Due to the recent decline in home values across the country, millions of homeowners seem to be in a big dilemma. Selling a home that is worth less than the mortgage loan balance is forcing sellers to make tough decisions. Do you sell at market prices and pay the difference in cash to the lender? Is a short sale or bankruptcy a cure or do they make things worse? And what about getting away from home and debt? What are the chances of getting another home?
For some, hearing a real estate agent suggest using personal funds to sell a home at a loss is like hearing fingernails scratching a chalkboard. No home salesperson wants to hear that. Many resort to trying to negotiate a short sale with their lender; that is, the property is sold for less than what is owed with bank approval rather than a foreclosure scenario. It sounds good on paper, but most lenders do not approve of short sales, and even if they do, a short sale can have a negative impact on a good credit rating. And with bankruptcy or abandonment, credit is definitely destroyed along with the ability to qualify for a home loan for years to come.
Every home seller who is upside-down on their mortgage faces a multitude of challenges; or so they think. What they don’t realize is that there is a very simple solution that has been around for hundreds of years in times of easy credit or no credit. Allowing someone to take over a mortgage payment has always been a valuable option for home buyers and sellers in the past because it easily solves the problem of transferring property rights when money is tight and the economy is depressed.
But because home values have fallen so dramatically in the last five years, some home buyers may not want to inherit a mortgage that is so heavy on a home’s value. From a home seller’s perspective, selling a home to a total stranger where the loan balance is not attractive, worrying about the new owner leaving when the going gets tough is a very real possibility. The home seller could be forced to foreclose on the new owner while ruining his own credit in the process of late mortgage payments.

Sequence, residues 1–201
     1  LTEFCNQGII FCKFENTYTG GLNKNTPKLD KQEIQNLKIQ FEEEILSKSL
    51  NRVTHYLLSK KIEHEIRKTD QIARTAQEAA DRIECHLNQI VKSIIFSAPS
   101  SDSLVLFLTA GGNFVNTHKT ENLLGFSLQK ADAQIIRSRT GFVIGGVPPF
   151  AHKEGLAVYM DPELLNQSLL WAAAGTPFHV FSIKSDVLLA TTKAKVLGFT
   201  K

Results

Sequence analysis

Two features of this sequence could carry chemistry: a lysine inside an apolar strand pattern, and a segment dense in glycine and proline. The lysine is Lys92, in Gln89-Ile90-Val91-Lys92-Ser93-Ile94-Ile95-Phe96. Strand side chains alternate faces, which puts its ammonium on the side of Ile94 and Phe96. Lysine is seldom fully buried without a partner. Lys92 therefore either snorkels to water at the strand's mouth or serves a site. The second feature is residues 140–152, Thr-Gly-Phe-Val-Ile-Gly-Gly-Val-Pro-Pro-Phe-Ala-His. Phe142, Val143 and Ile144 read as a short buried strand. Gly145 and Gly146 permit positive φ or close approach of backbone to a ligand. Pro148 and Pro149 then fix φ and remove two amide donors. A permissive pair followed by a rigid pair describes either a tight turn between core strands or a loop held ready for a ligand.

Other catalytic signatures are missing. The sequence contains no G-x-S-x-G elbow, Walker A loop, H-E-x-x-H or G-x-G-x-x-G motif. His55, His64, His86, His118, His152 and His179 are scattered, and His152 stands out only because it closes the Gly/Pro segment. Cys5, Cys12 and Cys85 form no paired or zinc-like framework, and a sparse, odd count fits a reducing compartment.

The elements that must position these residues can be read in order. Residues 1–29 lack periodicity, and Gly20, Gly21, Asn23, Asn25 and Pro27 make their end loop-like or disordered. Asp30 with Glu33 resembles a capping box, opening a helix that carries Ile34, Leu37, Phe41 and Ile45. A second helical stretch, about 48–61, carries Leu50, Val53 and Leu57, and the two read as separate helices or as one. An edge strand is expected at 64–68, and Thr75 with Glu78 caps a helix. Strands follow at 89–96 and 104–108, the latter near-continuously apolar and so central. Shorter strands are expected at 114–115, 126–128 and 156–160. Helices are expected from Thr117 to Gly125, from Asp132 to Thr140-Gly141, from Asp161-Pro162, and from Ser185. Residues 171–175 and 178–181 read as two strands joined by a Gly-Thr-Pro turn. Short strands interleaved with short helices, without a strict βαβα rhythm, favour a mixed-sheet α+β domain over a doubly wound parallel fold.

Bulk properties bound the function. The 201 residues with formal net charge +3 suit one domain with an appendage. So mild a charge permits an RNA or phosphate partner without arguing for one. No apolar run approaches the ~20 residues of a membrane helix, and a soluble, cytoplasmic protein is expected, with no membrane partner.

A different approach to “take over the payment” can be used to mitigate any of the concerns mentioned above. Equity sharing can bring relief and security to both the seller and the buyer. It should be remembered that real estate values are cyclical. They go down but they always come back up during good times. If property values are weak today, tomorrow we will undoubtedly experience a boom. The share spread can weather the storm until residential real estate values return a property to a profitable investment.
This is how an equity stake can produce tremendous results in any economy.
1. The home seller places title to your property in a special escrow account without transfer to the home buyer.
2. Using a very special “Co-Beneficiary” arrangement, the home buyer and seller treat the property as a real estate company and both become equity “partners”.
3. The home buyer makes a mutually agreed monetary “contribution” to this agreement and, as an occupant, is treated as a resident property manager with all home ownership rights and financial rewards and responsibilities assumed by a homeowner. real. only on a “rent with option to buy” regime.
4. Over time, as the property increases in value and as the property is sold, the home buyer and seller may share the equitable proceeds from the profitable sale of the property or the resident property manager may purchase. the property at fair market value less its equity.
Time is the great healer in a poor housing market, and a share capital agreement is a perfect remedy when time is needed for recovery. If it takes longer for the property’s value to rise above the mortgage loan balance, so be it. Equity sharing is a great tool for the homeowner because you can find someone to take over a payment, even if more is owed on the loan than the value of the home. It’s also a great way for someone with good jobs but bad credit to get their dream home without qualifying. The share spread is safe for all parties and is a perfect solution for moving real estate in a recessionary economy.